Khyber Pakhtunkhwa is one of the four administrative provinces of Pakistan, located in the northwestern region of the country along the international border with Afghanistan. It was known as the North-West Frontier Province until 2010 when the name was changed to Khyber Pakhtunkhwa by the 18th Amendment to Pakistan's Constitution, is known colloquially by various other names. Khyber Pakhtunkhwa is the third-largest province of Pakistan by the size of both population and economy, though it is geographically the smallest of four. Within Pakistan, Khyber Pakhtunkhwa shares a border with Punjab, Azad Kashmir, Gilgit-Baltistan, Islamabad, it is home to 17.9% of Pakistan's total population, with the majority of the province's inhabitants being Pashtuns. The province is the site of the ancient kingdom Gandhara, including the ruins of its capital Pushkalavati near modern-day Charsadda. A stronghold of Buddhism, the history of the region was characterized by frequent invasions under various Empires due to its geographical proximity to the Khyber Pass.
Since the 9/11 attacks in the United States in 2001, the Khyber Pakhtunkhwa has been a major theatre of militancy and terrorism which intensified when the Taliban began an unsuccessful attempt to seize the control of the province in 2004. With the launch of Operation Zarb-e-Azb against the Taliban insurgency, the casualty and crime rates in the country as a whole dropped by 40.0% as compared to 2011–13, with greater drops noted in Khyber Pakhtunkhwa and the Federally Administered Tribal Areas. As of July 2014, about 929,859 people were reported to be internally displaced from North Waziristan to Khyber Pakhtunkhwa as a result of Operation Zarb-e-Azb. On March 2, 2017, the Government of Pakistan considered a proposal to merge the Federally Administered Tribal Areas with Khyber Pakhtunkhwa, to repeal the Frontier Crimes Regulations, which are applicable to the tribal areas. However, some political parties have opposed the merger, called for the tribal areas to instead become a separate province of Pakistan.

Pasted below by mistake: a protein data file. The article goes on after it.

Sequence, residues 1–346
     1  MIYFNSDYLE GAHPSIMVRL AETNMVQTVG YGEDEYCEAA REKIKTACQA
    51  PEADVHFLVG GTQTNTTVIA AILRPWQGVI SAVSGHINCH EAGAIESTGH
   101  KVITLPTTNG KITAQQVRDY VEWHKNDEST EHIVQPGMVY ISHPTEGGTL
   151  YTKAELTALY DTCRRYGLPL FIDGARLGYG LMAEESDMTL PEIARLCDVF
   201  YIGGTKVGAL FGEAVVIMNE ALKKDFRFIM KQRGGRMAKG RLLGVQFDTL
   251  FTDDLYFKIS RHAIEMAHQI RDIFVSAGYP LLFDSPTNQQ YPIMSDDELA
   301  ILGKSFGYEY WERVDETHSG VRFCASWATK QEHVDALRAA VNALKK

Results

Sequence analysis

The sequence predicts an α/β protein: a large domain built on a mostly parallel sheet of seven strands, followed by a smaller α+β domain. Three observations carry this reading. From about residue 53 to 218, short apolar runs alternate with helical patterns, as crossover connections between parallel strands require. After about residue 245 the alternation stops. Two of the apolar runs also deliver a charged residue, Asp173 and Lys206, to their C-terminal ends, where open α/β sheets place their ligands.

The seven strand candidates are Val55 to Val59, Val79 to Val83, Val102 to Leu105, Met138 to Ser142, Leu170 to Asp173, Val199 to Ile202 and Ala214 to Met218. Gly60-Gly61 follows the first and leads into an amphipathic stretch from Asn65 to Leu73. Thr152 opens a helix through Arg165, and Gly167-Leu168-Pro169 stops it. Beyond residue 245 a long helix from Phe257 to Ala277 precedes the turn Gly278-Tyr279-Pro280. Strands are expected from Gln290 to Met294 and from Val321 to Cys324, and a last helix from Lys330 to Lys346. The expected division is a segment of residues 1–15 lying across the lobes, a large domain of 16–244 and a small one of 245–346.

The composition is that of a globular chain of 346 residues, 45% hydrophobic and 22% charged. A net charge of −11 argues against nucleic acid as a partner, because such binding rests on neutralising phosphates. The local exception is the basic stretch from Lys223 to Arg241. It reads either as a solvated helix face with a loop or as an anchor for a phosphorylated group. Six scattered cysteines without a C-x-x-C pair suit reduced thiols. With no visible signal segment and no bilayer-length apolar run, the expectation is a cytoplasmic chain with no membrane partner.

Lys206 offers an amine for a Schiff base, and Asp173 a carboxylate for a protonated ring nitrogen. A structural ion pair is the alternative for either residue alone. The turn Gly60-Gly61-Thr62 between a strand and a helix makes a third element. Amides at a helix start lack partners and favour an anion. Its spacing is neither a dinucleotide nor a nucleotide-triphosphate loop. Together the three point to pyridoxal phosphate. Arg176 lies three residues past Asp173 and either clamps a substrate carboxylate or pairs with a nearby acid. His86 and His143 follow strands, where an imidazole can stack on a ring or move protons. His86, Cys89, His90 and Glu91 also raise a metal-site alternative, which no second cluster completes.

On 24 May 2018, the National Assembly of Pakistan voted in favour of an amendment to the Constitution of Pakistan to merge the Federally Administered Tribal Areas with Khyber Pakhtunkhwa province. The Khyber Pakhtunkhwa Assembly approved the historic FATA-KP merger bill on 28 May 2018 making FATA part of Khyber Pakhtunkhwa, signed by President Mamnoon Hussain, completing the process of this historic merger. Khyber Pakhtunkhwa means the "Khyber part of the land of the Pashtuns", while only the word Pakhtunkhwa means "Land of Pashtuns", according to some scholars, it means "Pashtun culture and society"; when the British established it as a province, they called it "North West Frontier Province" due to its relative location being in north west of their Indian Empire. After the creation of Pakistan, Pakistan continued with this name but a Pashtun nationalist party, Awami National Party demanded that the province name be changed to "Pakhtunkhwa", their logic behind that demand was that Punjabi people, Sindhi people and Balochi people have their provinces named after their ethnicities but, not the case for Pashtun people.
Pakistan Muslim League was against that name since it was too similar to Bacha Khan's demand of separate nation of Pashtunistan. PML-N wanted to name the province something other than which does not carry Pashtun identity in it as they argued that there were other minor ethnicities living in the province Hindkowans who spoke Hindko, thus the word Khyber was introduced with the name because it is the name of a major pass which connects Pakistan to Afghanistan. During the times of Indus Valley Civilization the modern Khyber Pakhtunkhwa's Khyber Pass, through Hindu Kush provided a route to other neighbouring regions and was used by merchants on trade excursions. From 1500 BCE, Indo-Aryan peoples started to enter in the region after having passed Khyber Pass; the Gandharan civilization, which reached its zenith between the sixth and first centuries BCE, which features prominently in the Hindu epic poem, the Mahabharatha, had one of its cores over the modern Khyber Pakhtunkhwa province. The modern day capital city of Peshawar was known in ancient times as Purushapura when the region was Hindu.
Vedic texts refer to the area as the Janapada of Pushkalavati. The area was once known to be a great center of learning. At around 516 BCE. Darius Hystaspes sent Scylax, a Greek seaman from Karyanda, to explore the course of the Indus river. Darius Hystaspes subsequently subdued north of Kabul. Gandhara was incorporated into the Persian Empire as one of its far easternmost satrapy system of government; the satrapy of Gandhara is recorded to have sent troops for Xerxes' invasion of Greece in 480 BCE. In the spring of 327 BCE Alexander the Great crossed the Indian Caucasus and advanced to Nicaea, where Omphis, king of Taxila and other chiefs joined him. Alexander dispatched part of his force through the valley of the Kabul River, while he himself advanced into modern Khyber Pakhtunkhwa's Bajaur and Swat regions with his troops. Having defeated the Aspasians, from whom he took 40,000 prisoners and 230,000 oxen, Alexander crossed the Gouraios and entered into the territory of the Assakenoi – in modern-day Khyber Pakhtunkhwa.
Alexander made Embolima his base. The ancient region of Peukelaotis submitted to the Greek invasion, leading to Ni